Place Progression in Your DAW

After you have found a chord progression, place that progression in your DAW. The purpose of this is to experiment with the sound and make sure it has the right vibe that you are going for. 

You can do this by placing individual MIDI notes and stretching them to fill the bar. 

Choose A Sound for Your Progression

Find a sound that will allow you to hear every note of the chord and sounds pleasing to your ears. I personally always use a piano because I enjoy listening to piano’s, and think that they work really well for adding emotion into electronic songs. 

You don’t need to spend too much time on this step as you can change it later, but it’s easier to choose a sound like the piano to test your chords, than say…a dubstep saw preset in Serum. 

Voice Your Chords

Voicing is a term used to mean balance them out so they have a smoother transition. If your chords look too much like steps, then you will want to bring certain notes up an octave, or down to help smooth out the transitions. 

Some of your chords will then become inverted chords, which adds dynamic to your progression but they are still the same chord!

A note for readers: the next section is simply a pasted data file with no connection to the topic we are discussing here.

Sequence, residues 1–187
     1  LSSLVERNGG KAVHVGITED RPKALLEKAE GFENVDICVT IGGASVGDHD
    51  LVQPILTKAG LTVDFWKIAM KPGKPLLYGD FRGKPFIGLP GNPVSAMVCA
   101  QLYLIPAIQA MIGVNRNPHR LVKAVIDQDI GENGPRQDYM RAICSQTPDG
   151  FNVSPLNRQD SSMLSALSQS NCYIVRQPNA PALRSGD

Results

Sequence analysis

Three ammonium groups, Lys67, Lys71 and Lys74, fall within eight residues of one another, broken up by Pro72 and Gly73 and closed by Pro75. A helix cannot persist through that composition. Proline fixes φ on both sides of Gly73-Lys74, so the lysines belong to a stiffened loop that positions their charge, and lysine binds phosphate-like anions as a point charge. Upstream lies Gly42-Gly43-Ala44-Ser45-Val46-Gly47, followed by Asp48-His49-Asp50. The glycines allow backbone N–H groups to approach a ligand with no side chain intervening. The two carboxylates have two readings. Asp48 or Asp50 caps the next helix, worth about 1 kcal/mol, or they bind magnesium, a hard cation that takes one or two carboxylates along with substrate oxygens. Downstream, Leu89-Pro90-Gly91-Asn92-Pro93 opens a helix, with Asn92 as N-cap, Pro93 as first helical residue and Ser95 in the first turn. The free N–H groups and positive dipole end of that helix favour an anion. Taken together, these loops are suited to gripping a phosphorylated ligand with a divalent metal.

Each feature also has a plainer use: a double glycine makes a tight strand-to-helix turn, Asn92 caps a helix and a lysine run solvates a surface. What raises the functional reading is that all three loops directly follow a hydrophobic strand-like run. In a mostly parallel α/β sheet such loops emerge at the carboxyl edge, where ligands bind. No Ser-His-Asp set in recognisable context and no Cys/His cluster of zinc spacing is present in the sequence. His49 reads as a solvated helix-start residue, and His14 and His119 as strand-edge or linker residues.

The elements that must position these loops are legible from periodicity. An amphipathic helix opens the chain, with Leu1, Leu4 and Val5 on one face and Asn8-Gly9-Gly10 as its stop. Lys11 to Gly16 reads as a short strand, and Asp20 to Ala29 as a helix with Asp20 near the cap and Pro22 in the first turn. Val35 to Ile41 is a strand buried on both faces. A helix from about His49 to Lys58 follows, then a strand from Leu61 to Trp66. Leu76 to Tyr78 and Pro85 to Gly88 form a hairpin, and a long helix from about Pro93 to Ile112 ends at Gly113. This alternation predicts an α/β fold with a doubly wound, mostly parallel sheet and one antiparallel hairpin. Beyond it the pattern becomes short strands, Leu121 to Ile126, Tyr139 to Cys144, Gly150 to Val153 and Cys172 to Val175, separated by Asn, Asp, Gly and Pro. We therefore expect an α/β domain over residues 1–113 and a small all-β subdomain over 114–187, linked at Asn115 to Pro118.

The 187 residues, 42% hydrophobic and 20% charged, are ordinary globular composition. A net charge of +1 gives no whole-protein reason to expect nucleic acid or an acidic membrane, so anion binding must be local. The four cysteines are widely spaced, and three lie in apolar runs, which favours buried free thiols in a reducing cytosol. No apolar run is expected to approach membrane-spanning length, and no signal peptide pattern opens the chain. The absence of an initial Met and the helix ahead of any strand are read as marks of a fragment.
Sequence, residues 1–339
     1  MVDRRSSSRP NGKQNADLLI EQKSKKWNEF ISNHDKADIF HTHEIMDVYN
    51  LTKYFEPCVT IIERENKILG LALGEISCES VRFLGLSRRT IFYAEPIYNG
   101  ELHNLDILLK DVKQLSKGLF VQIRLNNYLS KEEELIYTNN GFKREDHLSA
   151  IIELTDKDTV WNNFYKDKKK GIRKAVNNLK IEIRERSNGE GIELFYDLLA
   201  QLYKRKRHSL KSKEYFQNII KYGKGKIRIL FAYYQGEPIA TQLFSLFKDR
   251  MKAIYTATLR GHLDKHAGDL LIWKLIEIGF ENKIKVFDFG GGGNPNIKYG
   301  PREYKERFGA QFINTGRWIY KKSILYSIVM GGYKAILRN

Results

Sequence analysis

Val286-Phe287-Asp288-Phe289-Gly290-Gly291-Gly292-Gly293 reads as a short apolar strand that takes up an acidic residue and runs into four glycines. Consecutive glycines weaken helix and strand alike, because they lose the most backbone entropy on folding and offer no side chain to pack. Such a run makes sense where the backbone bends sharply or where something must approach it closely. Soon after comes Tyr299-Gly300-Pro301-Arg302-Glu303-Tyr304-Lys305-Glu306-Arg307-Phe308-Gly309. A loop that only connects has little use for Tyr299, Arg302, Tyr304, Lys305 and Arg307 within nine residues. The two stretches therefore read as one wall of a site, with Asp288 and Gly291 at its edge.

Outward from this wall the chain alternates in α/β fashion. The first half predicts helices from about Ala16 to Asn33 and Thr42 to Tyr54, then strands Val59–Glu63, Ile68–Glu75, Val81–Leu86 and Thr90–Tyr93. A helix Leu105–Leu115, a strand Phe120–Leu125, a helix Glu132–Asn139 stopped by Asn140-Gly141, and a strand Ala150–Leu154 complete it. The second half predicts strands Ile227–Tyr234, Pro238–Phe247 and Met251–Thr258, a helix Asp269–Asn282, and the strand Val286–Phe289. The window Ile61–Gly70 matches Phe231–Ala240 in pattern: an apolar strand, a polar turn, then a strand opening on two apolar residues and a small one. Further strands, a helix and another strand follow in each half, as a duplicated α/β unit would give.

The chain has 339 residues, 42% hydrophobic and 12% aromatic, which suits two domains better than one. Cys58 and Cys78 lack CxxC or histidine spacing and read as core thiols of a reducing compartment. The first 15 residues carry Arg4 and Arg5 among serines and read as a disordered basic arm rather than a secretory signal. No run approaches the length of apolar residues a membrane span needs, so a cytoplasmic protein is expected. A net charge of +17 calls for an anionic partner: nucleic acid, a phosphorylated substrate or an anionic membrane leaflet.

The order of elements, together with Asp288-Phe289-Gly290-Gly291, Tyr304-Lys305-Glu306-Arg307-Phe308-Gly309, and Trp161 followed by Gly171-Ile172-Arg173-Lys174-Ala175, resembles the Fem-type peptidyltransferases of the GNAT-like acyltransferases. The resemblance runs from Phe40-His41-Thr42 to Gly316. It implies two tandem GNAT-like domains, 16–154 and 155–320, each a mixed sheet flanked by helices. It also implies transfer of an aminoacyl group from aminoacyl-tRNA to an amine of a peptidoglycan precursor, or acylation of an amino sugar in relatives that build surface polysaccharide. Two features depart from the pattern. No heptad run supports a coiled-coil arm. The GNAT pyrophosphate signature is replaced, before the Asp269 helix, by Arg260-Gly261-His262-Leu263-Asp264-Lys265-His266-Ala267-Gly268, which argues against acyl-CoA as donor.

Optional: Raise Middle Note of Triad Up an Octave

This is flavor, but what I like to do sometimes is take the middle note of the triad and raise it up an octave from all of the different chords playing. It helps to open the chords up and cover more frequencies. 

Frankly, I just think it sounds better. Chords written as triads tend to be too tight in both MIDI appearance, as well as their sound. Finding ways to separate them sounds really good, in my opinion.

Optional: Change the Length of Each Chord

Sometimes you want your chords to be entire bars length, other times you don’t. By changing your chords length, it adds some dynamic to an otherwise straight forward progression. 

Understanding How Chord Progressions Work Using Roman Numerals in Music Production